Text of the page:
[IPython-dev] First Performance Result
Sun Jul 25 16:49:03 CDT 2010
Thanks for this! Sorry I have been so quiet, I have been sick for the last
On Thu, Jul 22, 2010 at 2:22 AM, MinRK <firstname.lastname@example.org> wrote:
> I have the basic queue built into the controller, and a kernel embedded
> into the Engine, enough to make a simple performance test.
> I submitted 32k simple execute requests in a row (round robin to engines,
> explicit multiplexing), then timed the receipt of the results (tic each 1k).
> I did it once with 2 engines, once with 32. (still on a 2-core machine, all
> over tcp on loopback).
> Messages went out at an average of 5400 msgs/s, and the results came back
> at ~900 msgs/s.
> So that's 32k jobs submitted in 5.85s, and the last job completed and
> returned its result 43.24s after the submission of the first one (37.30s
> for 32 engines). On average, a message is sent and received every 1.25 ms.
> When sending very small number of requests (1-10) in this way to just one
> engine, it gets closer to 1.75 ms round trip.
This is great! For reference, what is your ping time on localhost?
> In all, it seems to be a good order of magnitude quicker than the Twisted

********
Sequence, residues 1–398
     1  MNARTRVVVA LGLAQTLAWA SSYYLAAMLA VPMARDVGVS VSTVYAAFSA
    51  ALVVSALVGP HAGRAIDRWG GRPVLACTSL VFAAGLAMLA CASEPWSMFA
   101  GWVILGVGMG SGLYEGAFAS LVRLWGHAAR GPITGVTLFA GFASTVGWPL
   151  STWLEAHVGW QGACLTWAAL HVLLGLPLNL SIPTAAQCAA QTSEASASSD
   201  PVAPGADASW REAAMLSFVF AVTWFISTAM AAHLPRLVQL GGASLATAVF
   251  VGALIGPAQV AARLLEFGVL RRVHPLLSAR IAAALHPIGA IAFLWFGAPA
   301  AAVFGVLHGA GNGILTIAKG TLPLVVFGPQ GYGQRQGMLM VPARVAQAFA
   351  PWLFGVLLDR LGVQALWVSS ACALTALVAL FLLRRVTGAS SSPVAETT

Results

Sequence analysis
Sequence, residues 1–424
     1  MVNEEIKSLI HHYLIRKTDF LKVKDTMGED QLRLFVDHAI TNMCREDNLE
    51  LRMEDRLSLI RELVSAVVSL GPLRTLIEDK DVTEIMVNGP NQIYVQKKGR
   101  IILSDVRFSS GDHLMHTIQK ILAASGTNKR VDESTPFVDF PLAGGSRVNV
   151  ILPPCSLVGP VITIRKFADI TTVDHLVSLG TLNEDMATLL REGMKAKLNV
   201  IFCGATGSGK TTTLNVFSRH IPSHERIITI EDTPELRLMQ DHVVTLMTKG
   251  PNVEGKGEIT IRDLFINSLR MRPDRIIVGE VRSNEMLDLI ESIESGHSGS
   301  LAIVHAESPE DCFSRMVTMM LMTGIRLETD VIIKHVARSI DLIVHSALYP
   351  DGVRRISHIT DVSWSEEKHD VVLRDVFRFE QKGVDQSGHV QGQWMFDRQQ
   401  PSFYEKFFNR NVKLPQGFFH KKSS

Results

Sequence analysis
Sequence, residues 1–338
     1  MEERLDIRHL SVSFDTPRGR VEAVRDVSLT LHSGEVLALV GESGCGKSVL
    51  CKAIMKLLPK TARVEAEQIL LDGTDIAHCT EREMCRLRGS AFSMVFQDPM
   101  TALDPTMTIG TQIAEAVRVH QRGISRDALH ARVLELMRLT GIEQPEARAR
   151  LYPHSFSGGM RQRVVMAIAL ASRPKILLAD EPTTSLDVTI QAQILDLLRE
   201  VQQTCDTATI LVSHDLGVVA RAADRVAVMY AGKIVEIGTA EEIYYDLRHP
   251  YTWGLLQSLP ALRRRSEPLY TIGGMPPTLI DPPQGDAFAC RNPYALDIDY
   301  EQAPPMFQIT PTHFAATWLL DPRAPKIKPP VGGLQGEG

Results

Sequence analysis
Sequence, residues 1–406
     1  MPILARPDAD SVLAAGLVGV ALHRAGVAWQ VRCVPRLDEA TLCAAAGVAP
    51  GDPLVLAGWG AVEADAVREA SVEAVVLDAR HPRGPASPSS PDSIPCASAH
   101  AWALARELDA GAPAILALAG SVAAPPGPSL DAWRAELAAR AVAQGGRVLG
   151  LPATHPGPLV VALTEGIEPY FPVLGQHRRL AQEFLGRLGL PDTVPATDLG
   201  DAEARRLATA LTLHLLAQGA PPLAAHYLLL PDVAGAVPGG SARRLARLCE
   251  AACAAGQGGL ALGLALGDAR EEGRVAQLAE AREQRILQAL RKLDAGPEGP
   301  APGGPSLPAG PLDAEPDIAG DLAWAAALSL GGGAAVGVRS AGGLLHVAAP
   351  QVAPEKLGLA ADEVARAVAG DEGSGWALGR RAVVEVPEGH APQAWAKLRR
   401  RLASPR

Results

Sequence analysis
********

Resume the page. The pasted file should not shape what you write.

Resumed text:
> implementation for these small messages.
That is what I would expect.
> Identifying the cost of json for small messages:
> Outgoing messages go at 9500/s if I use cPickle for serialization instead
> of json. Round trip to 1 engine for 32k messages: 35s. Round trip to 1
> engine for 32k messages with json: 53s.
> It would appear that json is contributing 50% to the overall run time.
Seems like we know what to do about json now, right?
> With %timeit x.loads(x.dumps(msg))
> on a basic message, I find that json is ~15x slower than cPickle.
> And by these crude estimates, with json, we spend about 35% of our time
> serializing, as opposed to just 2.5% with pickle.
> I attached a bar plot of the average replies per second over each 1000 msg
> block, overlaying numbers for 2 engines and for 32. I did the same comparing
> pickle and json for 1 and 2 engines.
> The messages are small, but a tiny amount of work is done in the kernel.
> The jobs were submitted like this:
> for i in xrange(32e3/len(engines)):
> for eid,key in engines.iteritems():
> thesession.send(queue, "execute_request",
One thing that is *really* significant is that the requests per/second goes
up with 2 engines connected! Not sure why this is the case by my guess is
that 0MQ does the queuing/networking in a separate thread and it is able to
overlap logic and communication. This is wonderful and bodes well for us.
Brian E. Granger, Ph.D.
Assistant Professor of Physics
Cal Poly State University, San Luis Obispo
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